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2:30 – 3:00 pm

Session 26 – Contributed Reports

Marquis A

A national investigation of Precalculus through Calculus 2

Chris Rasmussen, Naneh Apkarian, David Bressoud, Jessica Ellis, Estrella Johnson and Sean Larsen

We present findings from a recently completed census survey of all mathematics departments that offer a graduate degree (MasterŐs and/or PhD) in mathematics. The census survey is part of a larger project investigating department-level factors that influence student success over the entire progression of the introductory mathematics courses that are required of most STEM majors, beginning with Precalculus and continuing through the full year of single variable calculus. The findings paint a portrait of studentsŐ curricular experiences with Precalculus and single variable calculus, as well as the viewpoints held by departments of mathematics about that experience. We see that departments are not unaware of the value of particular features characteristic of more successful calculus programs, but that they are not always successful at implementation. However, our data also suggest hope for the future. Our work not only reveals what is currently happening, but also what is changing, how, and why.



Marquis B

When nothing leads to everything: Novices and experts working at the level of a logical theory

Stacy Brown

Building on Antonini and MariottiŐs (2008) theorization of mathematical theorem and research on studentsŐ meta-theoretical difficulties with indirect proof, this study examines mathematics majors and mathematicians: (1) responses and approaches to the validation tasks related to the assertion S*→S, when given a primary statement, S, of the form n, P(n) Q(n)) and a secondary statement, S* of the form used in proofs by contradiction; namely, n, P(n) ~Q(n)); and, (2) selection of a statement to prove given S* and S. Findings indicate that novice proof writers responses differ from advanced students and mathematicians both in their approaches and selections, with novices tending to become entangled in natural language antonyms and to engage in the chunking of, rather than parsing of, quantified compound statements.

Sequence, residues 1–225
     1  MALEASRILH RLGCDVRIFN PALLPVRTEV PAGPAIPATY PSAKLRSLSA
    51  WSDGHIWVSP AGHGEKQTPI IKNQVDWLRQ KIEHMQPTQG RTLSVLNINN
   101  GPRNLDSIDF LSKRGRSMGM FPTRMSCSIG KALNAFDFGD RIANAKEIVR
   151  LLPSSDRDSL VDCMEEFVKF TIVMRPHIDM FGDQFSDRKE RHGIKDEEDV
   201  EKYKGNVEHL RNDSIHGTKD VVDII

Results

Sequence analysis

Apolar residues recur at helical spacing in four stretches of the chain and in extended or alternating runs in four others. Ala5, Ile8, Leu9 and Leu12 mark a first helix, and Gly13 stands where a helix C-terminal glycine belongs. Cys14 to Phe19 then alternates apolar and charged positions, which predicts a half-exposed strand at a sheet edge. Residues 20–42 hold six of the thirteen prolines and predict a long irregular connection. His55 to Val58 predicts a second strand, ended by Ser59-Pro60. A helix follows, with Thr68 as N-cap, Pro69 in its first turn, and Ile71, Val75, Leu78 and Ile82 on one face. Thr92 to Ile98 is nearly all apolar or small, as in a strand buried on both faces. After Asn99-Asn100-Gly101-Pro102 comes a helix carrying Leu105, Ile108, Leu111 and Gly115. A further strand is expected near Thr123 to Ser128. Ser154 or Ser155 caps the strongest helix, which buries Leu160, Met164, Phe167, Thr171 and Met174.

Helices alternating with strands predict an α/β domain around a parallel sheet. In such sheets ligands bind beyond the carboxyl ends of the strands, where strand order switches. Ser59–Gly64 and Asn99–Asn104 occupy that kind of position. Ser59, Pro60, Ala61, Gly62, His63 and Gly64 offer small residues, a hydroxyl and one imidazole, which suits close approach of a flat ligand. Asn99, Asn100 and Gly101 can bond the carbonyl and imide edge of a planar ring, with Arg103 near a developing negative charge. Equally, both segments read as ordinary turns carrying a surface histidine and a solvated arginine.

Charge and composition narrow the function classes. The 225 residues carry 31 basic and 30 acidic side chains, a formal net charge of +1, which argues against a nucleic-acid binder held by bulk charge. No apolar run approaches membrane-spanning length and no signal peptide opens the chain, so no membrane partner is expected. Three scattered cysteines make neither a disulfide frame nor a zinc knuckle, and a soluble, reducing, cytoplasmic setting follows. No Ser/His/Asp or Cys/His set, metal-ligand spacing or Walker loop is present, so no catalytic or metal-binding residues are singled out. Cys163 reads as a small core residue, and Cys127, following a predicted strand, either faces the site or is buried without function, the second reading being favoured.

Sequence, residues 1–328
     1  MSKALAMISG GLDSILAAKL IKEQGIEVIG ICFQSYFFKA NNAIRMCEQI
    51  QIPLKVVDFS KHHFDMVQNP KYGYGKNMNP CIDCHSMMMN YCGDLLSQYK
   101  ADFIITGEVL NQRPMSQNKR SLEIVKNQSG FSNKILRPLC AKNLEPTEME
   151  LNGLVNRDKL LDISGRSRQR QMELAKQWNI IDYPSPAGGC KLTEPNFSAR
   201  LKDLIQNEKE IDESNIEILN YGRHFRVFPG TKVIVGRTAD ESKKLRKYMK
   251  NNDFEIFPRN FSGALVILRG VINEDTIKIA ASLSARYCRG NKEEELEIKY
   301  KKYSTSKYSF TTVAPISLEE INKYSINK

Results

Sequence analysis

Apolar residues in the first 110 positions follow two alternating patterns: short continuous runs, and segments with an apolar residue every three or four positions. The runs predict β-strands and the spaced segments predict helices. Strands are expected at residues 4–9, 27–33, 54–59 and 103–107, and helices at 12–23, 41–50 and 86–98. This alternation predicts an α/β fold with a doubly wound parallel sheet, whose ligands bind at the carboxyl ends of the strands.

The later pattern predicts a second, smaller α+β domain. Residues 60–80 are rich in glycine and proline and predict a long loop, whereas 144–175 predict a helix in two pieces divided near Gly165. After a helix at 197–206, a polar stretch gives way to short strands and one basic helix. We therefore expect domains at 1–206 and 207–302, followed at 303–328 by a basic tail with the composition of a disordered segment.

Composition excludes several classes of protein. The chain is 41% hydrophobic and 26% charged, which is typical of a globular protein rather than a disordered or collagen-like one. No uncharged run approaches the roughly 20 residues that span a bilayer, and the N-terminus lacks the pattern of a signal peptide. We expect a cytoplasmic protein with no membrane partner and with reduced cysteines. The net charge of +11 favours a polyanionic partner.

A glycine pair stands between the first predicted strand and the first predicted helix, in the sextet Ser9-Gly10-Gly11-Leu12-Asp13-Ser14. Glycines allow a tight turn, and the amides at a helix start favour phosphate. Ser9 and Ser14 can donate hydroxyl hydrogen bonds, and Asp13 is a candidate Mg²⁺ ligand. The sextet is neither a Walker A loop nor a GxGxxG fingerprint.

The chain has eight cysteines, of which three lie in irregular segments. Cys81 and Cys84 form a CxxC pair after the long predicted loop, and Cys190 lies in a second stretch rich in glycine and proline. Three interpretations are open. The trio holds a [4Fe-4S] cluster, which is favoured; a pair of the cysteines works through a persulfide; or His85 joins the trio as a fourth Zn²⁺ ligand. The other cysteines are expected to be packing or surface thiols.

Marquis C

Effects of dynamic visualization software use on struggling studentsŐ understanding of calculus: The case of David

Julie Sutton and James Epperson

Using dynamic visualization software (DVS) may engage undergraduate students in calculus while providing instructors insight into student learning and understanding. Results presented derive from a qualitative study of nine students, each completing a series of four individual interviews. We discuss themes arising from interviews with David, a student exploring mathematical relationships with DVS who earns a C in calculus. David prefers to visualize when solving mathematical tasks and previous research suggests that such students, while not the ÔstarsŐ of their mathematics classroom, may have a deeper understanding of mathematical concepts that their non-visualizing peers. Using modified grounded theory techniques, we examine evidence of uncontrollable mental imagery, the need to refocus David on salient aspects of the animations, instances when DavidŐs apparent conceptual knowledge is neither fully connected to nor supported by procedural knowledge, and DavidŐs failure to transfer knowledge when DVS was not offered during assessment.